LOS ANGELES (CNS) - In what could mark the end of a battle between the largest cargo operator at the Port of Los Angeles and the union that represents dockworkers, the two sides have reached an agreement over the introduction of automated equipment at the shipping yard.
APM Terminals and the International Longshore Workers Union Local 13 agreed that dockworkers will be enrolled in a “reskilling and upskilling” program, training diesel mechanics to handle automated electrical machinery, in exchange for the union allowing the automated equipment to be put in use.
“In Los Angeles, we know that if we don't guide the future, workers and communities can be left behind,” Los Angeles Mayor Eric Garcetti said in a statement. “This workforce training program will ensure today's waterfront workers are equipped for tomorrow's jobs and continue to support the harbor community.”
In a statement, APM Terminals thanked Garcetti for assuaging the negotiations between the port operator and the union. According to the agreement, the workforce training program will be available for up to 900 registered longshore workers and mechanics.
“As we prepare to modernize Pier 400, we are glad to be working in partnership with the ILWU and Pacific Maritime Association on implementing a training program that complements the changes at Pier 400 and the broader industry,” said Tom Boyd, a spokesman for Maersk, which is the Dutch parent company of APM and the largest shipping container company in the world.
Boyd said the agreement was endorsed by union leadership. Calls to the ILWU were not immediately returned.
All diesel-powered container handling equipment in California must be replaced by electrical-powered equipment by 2030 to comply with California air regulations, APM stated, which is part of the reason the company wants to start using the automated electric cargo handlers that don't produce emissions. The training agreement is specific to APM Terminals' Pier 400.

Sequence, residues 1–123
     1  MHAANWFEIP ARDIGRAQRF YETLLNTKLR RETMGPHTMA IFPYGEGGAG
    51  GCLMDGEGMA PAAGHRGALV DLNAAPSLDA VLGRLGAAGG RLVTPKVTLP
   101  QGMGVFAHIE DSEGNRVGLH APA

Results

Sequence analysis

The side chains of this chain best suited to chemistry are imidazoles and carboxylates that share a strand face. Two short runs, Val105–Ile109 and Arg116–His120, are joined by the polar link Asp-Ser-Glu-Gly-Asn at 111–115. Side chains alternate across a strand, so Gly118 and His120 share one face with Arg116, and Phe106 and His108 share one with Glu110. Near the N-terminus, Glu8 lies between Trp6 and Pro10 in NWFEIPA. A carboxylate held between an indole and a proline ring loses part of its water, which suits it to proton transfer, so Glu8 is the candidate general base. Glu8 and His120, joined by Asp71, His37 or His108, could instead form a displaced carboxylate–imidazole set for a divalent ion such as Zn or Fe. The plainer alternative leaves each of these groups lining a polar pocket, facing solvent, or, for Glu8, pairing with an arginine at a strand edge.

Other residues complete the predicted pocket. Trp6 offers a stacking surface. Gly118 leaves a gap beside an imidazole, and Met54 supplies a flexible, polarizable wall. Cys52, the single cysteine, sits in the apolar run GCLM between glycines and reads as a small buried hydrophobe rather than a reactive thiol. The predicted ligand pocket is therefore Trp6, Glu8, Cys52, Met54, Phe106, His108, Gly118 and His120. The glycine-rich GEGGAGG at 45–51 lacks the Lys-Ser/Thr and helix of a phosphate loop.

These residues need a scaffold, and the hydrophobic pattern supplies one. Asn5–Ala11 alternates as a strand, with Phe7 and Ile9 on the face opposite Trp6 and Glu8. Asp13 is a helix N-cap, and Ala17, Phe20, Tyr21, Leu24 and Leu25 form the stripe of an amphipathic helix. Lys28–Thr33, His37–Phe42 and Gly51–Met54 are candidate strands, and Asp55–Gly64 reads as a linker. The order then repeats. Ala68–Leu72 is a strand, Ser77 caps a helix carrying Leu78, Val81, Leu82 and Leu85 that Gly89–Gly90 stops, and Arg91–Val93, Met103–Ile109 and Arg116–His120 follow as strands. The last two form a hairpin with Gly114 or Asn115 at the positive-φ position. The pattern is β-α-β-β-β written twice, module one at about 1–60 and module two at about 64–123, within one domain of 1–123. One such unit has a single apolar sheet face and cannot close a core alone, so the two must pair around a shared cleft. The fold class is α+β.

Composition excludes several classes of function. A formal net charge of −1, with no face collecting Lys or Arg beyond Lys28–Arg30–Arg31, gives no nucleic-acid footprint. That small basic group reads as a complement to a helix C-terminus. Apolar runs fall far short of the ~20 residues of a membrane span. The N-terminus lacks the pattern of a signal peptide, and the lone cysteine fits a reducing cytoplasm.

“We believe that it is critical to the continued success of the Port of Los Angeles that the ILWU is trained for the jobs of the future,” Boyd said.
Los Angeles City Councilman Joe Buscaino, who represents the port neighborhoods in San Pedro, said in a statement he will keep a close eye on developments stemming from the agreement.
“While APM and ILWU have come to an agreement this week, I will continue to support our longshore men and women as they fight to protect jobs and the future of work in the United States,” Buscaino said. “The agreement is not the end of this conversation but the beginning, and I am calling for the city of Los Angeles to create a Blue Ribbon Commission on the future of work and automation in our city. We must prepare for the future today because, as this fight has shown, the future is here.”
Garcetti confirmed later in the day that a Blue Ribbon Commission to study automation would be convened, per the input of the city council.
ILWU mechanics are to begin training with the new equipment in the coming weeks, and APM agreed to defer additional automated-related projects until at least July 2022, the mayor said.
The agreement was an armistice to resolve concerns dockworkers have expressed about the implementation of automation that could reduce their employment. The ILWU filed an appeal earlier this year to a Board of Harbor Commissioners decision to allow the automated products at the port. The commission rejected the appeal, but the action was vetoed by the city council, forcing another hearing on the matter. The commission, however, rejected the appeal again during the second hearing.
About 12,000 dockworkers are employed at the Port of Los Angeles, and each day there are a number of work opportunities doled out among them. The ILWU estimated 500 work opportunities per day could be lost if the automated vehicles are brought in without an agreement.
Diane Middleton, a Harbor Commission member, said during the city council's June 28 meeting that the automation project will “lead to a tremendous loss of business.” She said if 500 work opportunities are lost per day, that could translate into $200,000 lost per day to the local economy, or $52 million a year.
In 2018, the Port of Los Angeles moved the most cargo in its 111-year history, almost 9.5 million twenty-foot equivalent units.
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